The Official Ubuntu Server Book
Admin 101, Security
Book publishers are struggling along with the rest of the economy right now. The Web has a lot to do with declining sales, seeing that most of what you would find in a book can be had through a few Google searches. Finding information you can't get anywhere else is really the only reason left to buy a book in most people's mind.
After a brief introduction the author gets right down to business with chapter one covering installation. The discussion on special directories will be very helpful to anyone taking on Linux for the first time, especially someone coming over from the Windows world. There's also a good discussion of various server roles and which options you might want to select.
Chapter Two and Five will be where most owners of this book will use up their page marker stickies. If there's anything that intimidates a newbie system administrator, it has to be the command line. Once you get over the fear hump you'll find the logical arrangement of directories and use of configuration files pretty easy to understand. You'll also find yourself referring back to specific pages in the book to make sure you get the syntax of a particular command right.
Getting a good handle on the command line is what Chapter Two is all about. It presents the most common commands you'll need to perform basic administration tasks with and when you might need them. It also includes a concise discussion of the boot process and what a system administrator needs to know about it.
Chapter Five presents a number of specific roles a typical Linux server might perform and how you go about configuring each one. Linux servers have been used in these roles for years, and the steps to configure a server for a specific task are not difficult. In some instances it can be a little tedious, and having a good explanation of the different steps will make it easier to understand.
Every server administrator needs to know the concepts behind Linux security and how to configure the stock Linux security tools. Chapter Six lays out a list of things you need to understand when administering a Linux server and what you need to do to secure things like the sudo command so that someone doesn't inadvertently or maliciously take your server down. It also includes a discussion of some of the more common attacks you might see and how to deal with them.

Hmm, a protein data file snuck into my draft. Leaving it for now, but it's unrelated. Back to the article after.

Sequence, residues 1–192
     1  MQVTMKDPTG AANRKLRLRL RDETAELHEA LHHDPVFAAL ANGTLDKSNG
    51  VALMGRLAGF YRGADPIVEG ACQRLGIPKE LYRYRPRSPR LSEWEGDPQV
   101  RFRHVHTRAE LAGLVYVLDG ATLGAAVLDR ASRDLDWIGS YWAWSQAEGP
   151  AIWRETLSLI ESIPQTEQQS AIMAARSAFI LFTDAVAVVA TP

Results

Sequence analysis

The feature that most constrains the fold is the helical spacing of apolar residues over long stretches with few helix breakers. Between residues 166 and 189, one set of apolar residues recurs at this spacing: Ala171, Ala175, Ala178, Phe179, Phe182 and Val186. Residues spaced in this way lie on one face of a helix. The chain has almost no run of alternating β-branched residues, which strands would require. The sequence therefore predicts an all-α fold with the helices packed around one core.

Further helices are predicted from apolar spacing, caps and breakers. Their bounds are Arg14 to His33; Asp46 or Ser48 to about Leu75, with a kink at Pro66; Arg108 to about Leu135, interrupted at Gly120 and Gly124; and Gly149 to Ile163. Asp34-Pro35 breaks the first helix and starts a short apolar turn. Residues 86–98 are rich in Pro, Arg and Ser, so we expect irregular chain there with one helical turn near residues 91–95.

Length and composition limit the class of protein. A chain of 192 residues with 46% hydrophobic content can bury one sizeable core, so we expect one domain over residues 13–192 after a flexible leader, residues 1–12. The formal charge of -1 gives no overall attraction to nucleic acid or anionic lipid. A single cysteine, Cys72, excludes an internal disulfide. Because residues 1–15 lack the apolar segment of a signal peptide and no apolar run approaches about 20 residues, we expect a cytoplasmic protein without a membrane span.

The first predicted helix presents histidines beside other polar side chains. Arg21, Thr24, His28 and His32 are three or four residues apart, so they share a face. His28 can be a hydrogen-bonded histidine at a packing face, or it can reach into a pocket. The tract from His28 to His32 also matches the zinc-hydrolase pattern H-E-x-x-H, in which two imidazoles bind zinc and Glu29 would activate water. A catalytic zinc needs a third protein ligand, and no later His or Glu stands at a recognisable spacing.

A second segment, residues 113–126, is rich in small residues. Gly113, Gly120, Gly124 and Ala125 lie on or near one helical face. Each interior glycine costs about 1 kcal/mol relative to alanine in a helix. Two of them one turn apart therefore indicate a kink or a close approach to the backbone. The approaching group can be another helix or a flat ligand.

File security has traditionally been handled on Linux and Unix systems with the basic permissions that are inherently a part of the operating system. This works great most of the time until someone gets access to a service or application running with root access. AppArmor is an open source project included with Ubuntu, providing access control to specific system services. Chapter Six includes the information you'll need to configure AppArmor for your server.
The biggest threat to any computer starts when you connect it to the outside world. While Linux servers are typically not vulnerable to the majority of the Windows attacks running around the Internet there are steps that need to be taken whenever you connect a machine to the network. There's a good discussion of firewalls and properly configuring SSH.
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- 2Linux Top 3: Linus Lashes out, Linux 3.14 Gets PIE and Ubuntu One is Done.
- 3Linux Top 3: Ubuntu 14.04, Debian Gives Squeeze More Life and Red Hat Goes Atomic
- 4Linux Top 3: CoreOS, Oracle Enterprise Linux 7 and Ubuntu 14.10
- 5Linux Top 3: Knoppix 7.3, Slacko Puppy 5.7 and PC-BSD 10.0.1